Zebra Mussel Problems

May 22, 2013 by  

Doug Leier


Even if May just finally feels like spring for many of us, in most years by the time May rolls around, many anglers have already enjoyed a few outings wetting a line.


Regardless of the zip code your home is in, the first spring fishing action on the Missouri River is becoming more popular, no matter if you’re travelling from Williston, Wahpeton, Dickinson or Grand Forks. It’s a testament to the interest anglers have in a good day of walleye fishing and travelling distance isn’t that much of an obstacle, especially when most of the other waters in the state are still covered in ice.

aquatic nuisance species

Aquatic Nuisance Species are a serious threat to all waterways

That same angler mobility and accessibility is also why the fishing community needs to do more than simply check their trailer bearings or make sure the safety chains are hooked up. Obviously, those are important when it comes to regular fishing and boating list of things to do.


The other important checklist involves the aquatic nuisance species requirements that are in place to reduce the potential for spreading invasive species like zebra mussels, Eurasian water milfoil or who knows what from one water body to the next.

It’s pretty safe to say that anglers who love their fish want to do the right thing. They do. The spread of zebra mussels, for example, is a serious threat to all waterways and anglers want to preserve the health of their favorite fishing spots for the next generation. But wanting and doing are not always the same thing, which is why there are rules and regulations in place. Even with those laws that have come on the books in North Dakota over the past 6 years or so, unintentional transport is still a possibility, but the following regulations significantly reduce the potential:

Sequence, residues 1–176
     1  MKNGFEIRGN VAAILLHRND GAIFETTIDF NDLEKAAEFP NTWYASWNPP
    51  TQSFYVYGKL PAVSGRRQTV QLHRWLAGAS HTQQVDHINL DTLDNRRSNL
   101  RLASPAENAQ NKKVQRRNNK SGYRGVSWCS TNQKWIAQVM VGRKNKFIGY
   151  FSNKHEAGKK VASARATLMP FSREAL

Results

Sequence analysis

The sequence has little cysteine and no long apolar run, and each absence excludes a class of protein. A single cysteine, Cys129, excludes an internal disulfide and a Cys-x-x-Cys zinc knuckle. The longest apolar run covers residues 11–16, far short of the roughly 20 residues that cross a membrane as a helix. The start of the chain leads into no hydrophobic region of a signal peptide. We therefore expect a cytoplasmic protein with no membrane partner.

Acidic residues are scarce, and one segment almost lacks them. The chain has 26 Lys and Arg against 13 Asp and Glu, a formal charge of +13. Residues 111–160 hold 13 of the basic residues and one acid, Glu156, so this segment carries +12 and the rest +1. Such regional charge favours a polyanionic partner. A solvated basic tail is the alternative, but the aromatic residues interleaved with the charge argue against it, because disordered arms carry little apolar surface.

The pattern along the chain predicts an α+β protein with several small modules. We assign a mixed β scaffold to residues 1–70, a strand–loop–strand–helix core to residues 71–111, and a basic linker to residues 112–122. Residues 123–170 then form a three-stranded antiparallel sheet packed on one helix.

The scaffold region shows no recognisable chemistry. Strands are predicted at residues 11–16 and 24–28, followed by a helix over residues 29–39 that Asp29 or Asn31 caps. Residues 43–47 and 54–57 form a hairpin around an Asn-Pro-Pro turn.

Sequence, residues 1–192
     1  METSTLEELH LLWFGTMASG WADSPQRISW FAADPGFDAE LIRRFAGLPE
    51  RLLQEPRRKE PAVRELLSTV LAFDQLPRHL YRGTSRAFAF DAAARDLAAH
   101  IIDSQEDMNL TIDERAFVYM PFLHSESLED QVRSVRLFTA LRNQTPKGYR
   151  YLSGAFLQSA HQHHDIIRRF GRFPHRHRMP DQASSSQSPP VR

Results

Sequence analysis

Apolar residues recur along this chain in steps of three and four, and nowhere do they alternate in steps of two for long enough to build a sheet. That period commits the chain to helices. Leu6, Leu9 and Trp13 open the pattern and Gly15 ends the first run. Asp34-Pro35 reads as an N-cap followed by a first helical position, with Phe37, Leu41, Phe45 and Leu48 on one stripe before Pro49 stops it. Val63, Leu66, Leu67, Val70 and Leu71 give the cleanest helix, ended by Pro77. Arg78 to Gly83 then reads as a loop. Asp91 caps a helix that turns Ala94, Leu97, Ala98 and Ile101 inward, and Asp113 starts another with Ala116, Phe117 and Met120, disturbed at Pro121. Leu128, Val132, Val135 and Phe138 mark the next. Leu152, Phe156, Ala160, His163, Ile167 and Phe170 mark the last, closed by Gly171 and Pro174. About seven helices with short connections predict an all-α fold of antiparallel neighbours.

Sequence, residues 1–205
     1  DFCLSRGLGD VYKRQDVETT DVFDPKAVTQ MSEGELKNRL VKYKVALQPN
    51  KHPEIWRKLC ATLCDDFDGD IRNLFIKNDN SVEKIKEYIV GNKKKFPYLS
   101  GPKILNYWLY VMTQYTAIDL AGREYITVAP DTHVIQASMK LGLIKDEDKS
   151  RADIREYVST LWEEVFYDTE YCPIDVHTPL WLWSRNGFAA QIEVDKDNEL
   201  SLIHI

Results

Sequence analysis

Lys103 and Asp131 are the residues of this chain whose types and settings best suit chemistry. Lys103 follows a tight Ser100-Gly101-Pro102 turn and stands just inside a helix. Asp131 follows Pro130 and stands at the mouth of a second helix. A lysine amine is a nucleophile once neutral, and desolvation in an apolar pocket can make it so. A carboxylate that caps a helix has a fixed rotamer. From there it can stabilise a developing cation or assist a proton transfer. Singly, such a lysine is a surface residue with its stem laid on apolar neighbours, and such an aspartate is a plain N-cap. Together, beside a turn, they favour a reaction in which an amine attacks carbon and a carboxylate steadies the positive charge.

• All aquatic vegetation must be removed from boats, personal watercraft, trailers, and fishing and hunting equipment such as fishing poles, bait buckets, lures, duck decoys, and waders before leaving a body of water. That means “vegetation free” when transporting watercraft and/or equipment away from a boat ramp, landing area or shoreline.

  • All water must be drained from boats and other watercraft, including bilges, livewells, baitwells and motors before leaving a water body.

  • Live aquatic bait or aquatic vegetation may not be transported into North Dakota.

  • All water must be drained from watercraft prior to entering the state.


It’s easy just to put down the rules and regulations specific to North Dakota, but we also have some added suggestion for boaters, anglers and anyone spending time in and on our waters.

  • Power wash the exterior and interior of the boat and trailer at a commercial carwash to remove small plant fragments and remove items clinging to the hull.

  • Disinfect boat, livewell and baitwell, the bilge, confined spaces and other equipment, wash the equipment with water that is hotter than 120 degrees Fahrenheit, or air dry boat and trailer for several days.


Fisheries managers, enforcement officers and anglers realize that unintentional transport can still take place, from lake to lake within the state, or coming in from other states, but we all need to do our part.


North Dakota has aquatic nuisance species problems, but for the most part the state is not overrun with new infestations. We’d like to keep it that way.

Leier is a biologist with the Game and Fish Department. He can be reached by email: [email protected]


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